- What You Should Know About Coughs:
- Most coughs are a normal part of a cold.
- Coughing up mucus is very important. It helps protect the lungs from pneumonia.
- A cough can be a good thing. We don't want to fully turn off your child's ability to cough.
- Here is some care advice that should help.
- Homemade Cough Medicine:
- Goal: decrease the irritation or tickle in the throat that causes a dry cough.
- Age 6 months to 1 year: give warm clear fluids to treat the cough. Examples are apple juice and lemonade. Amount: use a dose of 1-2 teaspoons (5-10 mL). Give 4 times per day when coughing. Caution: do not use honey until 1 year old.
- Age 1 year and older: use honey ½ to 1 teaspoon (2-5 mL) as needed. It works as a homemade cough medicine. It can thin the secretions and loosen the cough. If you don't have any honey, you can use corn syrup. You can also buy cough products that have honey in them at drug stores. They do not work better than plain honey and cost much more.
- Age 6 years and older: use Cough Drops to decrease the tickle in the throat. If you don't have any, you can use hard candy. Avoid cough drops before 6 years. Reason: risk of choking.
- Non-Prescription Cough Medicine (DM):
- Non-prescription cough medicines are not advised. Reason: no proven benefit for children and not approved under 6 years old (FDA).
- Honey has been shown to work better for coughs. Caution: do not use honey until 1 year old.
- If age 6 years or older, you might decide to use a cough medicine. Choose one with dextromethorphan (DM), such as Robitussin Cough syrup. DM is present in most non-prescription cough syrups. Follow the instructions on the package.
- When to Use: give only for severe coughs that interfere with sleep or school.
- DM Dose: give every 6 to 8 hours as needed.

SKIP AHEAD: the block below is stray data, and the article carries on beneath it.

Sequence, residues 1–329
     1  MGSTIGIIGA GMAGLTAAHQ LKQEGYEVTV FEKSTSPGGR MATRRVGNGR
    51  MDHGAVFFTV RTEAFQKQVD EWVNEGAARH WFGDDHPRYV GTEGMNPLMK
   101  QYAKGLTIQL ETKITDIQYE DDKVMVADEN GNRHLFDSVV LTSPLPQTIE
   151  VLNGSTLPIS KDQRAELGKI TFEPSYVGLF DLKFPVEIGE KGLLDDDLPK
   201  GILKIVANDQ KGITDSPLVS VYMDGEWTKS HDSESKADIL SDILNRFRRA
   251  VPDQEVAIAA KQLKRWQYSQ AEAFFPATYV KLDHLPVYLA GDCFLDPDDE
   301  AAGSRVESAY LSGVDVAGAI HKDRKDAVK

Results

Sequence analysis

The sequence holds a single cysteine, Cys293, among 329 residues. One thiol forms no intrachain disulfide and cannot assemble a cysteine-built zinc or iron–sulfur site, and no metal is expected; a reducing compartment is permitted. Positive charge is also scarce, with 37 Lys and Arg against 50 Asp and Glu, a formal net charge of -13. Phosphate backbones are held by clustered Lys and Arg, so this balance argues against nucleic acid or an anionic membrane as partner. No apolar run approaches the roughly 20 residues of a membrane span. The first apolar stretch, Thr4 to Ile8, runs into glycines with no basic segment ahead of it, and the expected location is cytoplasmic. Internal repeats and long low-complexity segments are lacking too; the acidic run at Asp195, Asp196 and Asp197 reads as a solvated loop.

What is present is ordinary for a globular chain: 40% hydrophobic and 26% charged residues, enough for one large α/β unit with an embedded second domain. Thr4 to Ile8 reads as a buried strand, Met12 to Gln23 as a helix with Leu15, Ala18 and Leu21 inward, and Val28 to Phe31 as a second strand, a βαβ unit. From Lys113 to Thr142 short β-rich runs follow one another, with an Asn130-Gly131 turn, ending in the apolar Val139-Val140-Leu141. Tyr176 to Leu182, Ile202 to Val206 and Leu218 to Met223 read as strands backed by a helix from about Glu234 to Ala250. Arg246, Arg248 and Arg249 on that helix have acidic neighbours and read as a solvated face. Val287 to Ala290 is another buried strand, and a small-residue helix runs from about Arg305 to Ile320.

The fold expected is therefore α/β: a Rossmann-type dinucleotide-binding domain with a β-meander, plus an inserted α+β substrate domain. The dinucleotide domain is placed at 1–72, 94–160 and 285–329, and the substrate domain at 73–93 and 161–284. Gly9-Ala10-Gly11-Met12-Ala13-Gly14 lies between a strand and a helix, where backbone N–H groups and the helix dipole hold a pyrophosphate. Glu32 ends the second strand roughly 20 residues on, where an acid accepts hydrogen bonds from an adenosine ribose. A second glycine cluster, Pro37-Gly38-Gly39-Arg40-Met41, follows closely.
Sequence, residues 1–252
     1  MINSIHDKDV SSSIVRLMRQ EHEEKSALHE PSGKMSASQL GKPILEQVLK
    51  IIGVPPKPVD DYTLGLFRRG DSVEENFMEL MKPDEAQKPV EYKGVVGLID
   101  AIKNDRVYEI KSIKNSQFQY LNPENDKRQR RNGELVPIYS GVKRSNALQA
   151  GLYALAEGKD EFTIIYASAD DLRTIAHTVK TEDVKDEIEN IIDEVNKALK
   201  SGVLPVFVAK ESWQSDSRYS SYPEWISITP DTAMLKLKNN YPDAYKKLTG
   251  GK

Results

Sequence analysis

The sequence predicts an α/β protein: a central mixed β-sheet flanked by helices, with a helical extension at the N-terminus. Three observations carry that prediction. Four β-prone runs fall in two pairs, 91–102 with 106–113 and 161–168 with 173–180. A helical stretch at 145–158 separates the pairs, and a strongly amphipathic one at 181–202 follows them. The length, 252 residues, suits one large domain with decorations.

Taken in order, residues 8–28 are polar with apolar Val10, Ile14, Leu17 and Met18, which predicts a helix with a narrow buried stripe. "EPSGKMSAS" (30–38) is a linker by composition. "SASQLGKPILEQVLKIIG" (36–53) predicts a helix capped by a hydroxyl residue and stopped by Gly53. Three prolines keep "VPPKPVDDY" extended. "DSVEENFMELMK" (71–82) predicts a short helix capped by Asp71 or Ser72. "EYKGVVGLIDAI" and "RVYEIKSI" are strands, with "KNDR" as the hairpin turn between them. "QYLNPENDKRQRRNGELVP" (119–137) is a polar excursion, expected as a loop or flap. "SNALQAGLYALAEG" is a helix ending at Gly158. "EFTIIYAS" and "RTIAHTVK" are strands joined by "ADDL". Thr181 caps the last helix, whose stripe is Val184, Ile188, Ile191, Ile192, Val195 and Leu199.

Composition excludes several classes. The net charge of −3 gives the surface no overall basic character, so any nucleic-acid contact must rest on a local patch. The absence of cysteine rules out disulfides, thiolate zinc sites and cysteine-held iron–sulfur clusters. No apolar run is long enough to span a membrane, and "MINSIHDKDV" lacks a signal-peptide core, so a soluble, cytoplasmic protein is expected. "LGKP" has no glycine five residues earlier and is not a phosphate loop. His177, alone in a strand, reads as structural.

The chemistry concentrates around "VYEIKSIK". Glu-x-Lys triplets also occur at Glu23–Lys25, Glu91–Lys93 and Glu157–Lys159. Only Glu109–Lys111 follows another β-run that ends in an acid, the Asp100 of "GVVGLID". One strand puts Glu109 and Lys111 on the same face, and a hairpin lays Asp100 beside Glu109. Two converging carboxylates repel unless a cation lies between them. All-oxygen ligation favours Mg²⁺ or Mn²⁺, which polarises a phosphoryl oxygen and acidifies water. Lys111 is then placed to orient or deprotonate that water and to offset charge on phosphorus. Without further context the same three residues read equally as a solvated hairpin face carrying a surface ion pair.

- Coughing Fits or Spells - Warm Mist and Fluids:
- Breathe warm mist, such as with shower running in a closed bathroom.
- Give warm clear fluids to drink. Examples are apple juice and lemonade.
- Age less than 6 months, only give breast milk or formula.
- Age 6 - 12 months. Give 1-2 teaspoons (5-10 mL) each time. Limit to 4 times per day.
- Age older than 1 year. Can also offer warm lemonade or herbal teas. Amount: a few ounces (30 mL) each time.
- Reason: both relax the airway and loosen up any phlegm.
- Vomiting from Hard Coughing:
- For vomiting that occurs with hard coughing, give smaller amounts per feeding.
- Also, feed more often.
- Reason: vomiting from coughing is more common with a full stomach.
- Encourage Fluids:
- Try to get your child to drink lots of fluids.
- Goal: keep your child well hydrated.
- It also loosens up any phlegm in the lungs. Then it's easier to cough up.
- It also will thin out the mucus discharge from the nose.
- If the air in your home is dry, use a humidifier. Reason: dry air makes coughs worse.
- Fever Medicine:
- For fevers above 102° F (39° C), give an acetaminophen product (such as Tylenol).
- Another choice is an ibuprofen product (such as Advil).
- Note: fevers less than 102° F (39° C) are important for fighting infections.
- For all fevers: keep your child well hydrated. Give lots of cold fluids.
- Avoid Tobacco Smoke:
- Tobacco smoke makes coughs much worse.
- Return to School:
- Your child can go back to school after the fever is gone.
- Your child should also feel well enough to join in normal activities.
- For practical purposes, the spread of coughs and colds cannot be prevented.
- Extra Advice- Allergy Medicine for Allergic Cough:
- Allergy medicine can bring an allergic cough under control within 1 hour. The same is true for nasal allergy symptoms.
- A short-acting allergy medicine (such as Benadryl) is helpful. No prescription is needed. Age limit: 1 and older.
- Do not use Benadryl longer than a few days.
- Switch to a long-acting antihistamine, such as Zyrtec. Age limit: 2 and older.
- What to Expect:
- Viral coughs most often last for 2 to 3 weeks.
- Sometimes, your child will cough up lots of phlegm (mucus). The mucus can normally be gray, yellow or green.
- Antibiotics are not helpful.
- Call Your Doctor If:
- Trouble breathing occurs
- Wheezing occurs
- Cough lasts more than 3 weeks
- You think your child needs to be seen
- Your child becomes worse
And remember, contact your doctor if your child develops any of the 'Call Your Doctor' symptoms.